Thursday, January 20, 2011

You don’t need a yes and no to communicate.

For the students in this classroom  finding a” yes and no” signal that was consistent proved to be difficult and almost impossible for  the children. Movements and efforts were too laborious and often took away from valuable learning and communication time.  For students in this classroom, the student’s “best yes” was used as a means for them to navigate their communication system.  Each student had their own unique yes and in some instances students had more than one way to say yes.  For some students we asked them how they were going to say yes and used that method in communication activities.  For other students we used positive movements, eye contact to shape their “yes” response.  Stay tuned for video of the system being used in the classroom!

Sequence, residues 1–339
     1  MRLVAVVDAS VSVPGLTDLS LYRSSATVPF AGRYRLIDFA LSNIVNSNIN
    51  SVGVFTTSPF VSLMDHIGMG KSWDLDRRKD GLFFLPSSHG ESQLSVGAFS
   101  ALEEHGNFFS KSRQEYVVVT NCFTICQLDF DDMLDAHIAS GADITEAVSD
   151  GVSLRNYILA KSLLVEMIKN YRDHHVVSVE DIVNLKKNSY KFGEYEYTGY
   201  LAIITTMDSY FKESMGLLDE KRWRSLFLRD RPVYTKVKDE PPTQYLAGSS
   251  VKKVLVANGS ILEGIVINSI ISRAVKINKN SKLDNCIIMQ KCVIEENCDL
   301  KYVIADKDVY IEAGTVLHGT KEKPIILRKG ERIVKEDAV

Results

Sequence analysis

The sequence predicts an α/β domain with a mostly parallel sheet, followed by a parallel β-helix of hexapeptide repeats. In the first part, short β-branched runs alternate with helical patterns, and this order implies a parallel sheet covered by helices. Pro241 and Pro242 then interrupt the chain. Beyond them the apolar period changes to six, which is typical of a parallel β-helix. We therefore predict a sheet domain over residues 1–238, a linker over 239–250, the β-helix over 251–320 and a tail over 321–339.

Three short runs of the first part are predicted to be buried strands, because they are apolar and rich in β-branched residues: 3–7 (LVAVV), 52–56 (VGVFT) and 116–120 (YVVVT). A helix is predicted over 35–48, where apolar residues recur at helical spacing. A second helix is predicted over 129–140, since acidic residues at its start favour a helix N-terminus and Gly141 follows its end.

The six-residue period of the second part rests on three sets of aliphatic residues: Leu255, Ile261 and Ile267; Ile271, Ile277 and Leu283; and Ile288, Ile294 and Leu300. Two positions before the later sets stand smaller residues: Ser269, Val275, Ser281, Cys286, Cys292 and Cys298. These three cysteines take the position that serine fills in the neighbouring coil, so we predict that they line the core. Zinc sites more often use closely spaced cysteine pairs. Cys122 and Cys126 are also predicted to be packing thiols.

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  1. For me in particular this was an eye-opener. I ahd always assumed you would need the negative as well as the affirmative in order to be able to communicate effectively. I am not seeing that not only is this NOT the case but as it is so much easier just to work on a 'yes' the students are picking up the communciation interaction much faster and more easily!

  2. I think one helpful idea is to look for what they naturally use to indicate yes or that they like something and how they indicate negation versus trying to "teach it." We need to strive to understand them first and build on it!!

  3. Thanks for this interesting post, Pati. I see this thinking being particularly beneficial to kids with motor difficulties for whom ANY response is exhausting. Do you think we have traditionally expected a negative response for our own assureance that the affirmative was intentional? Or is it just habit?

    You prompted me to think a lot about this topic of yes/no and I've posted those reflections in case you're interested (

    I'm so glad you have a blog going. You have such good insights!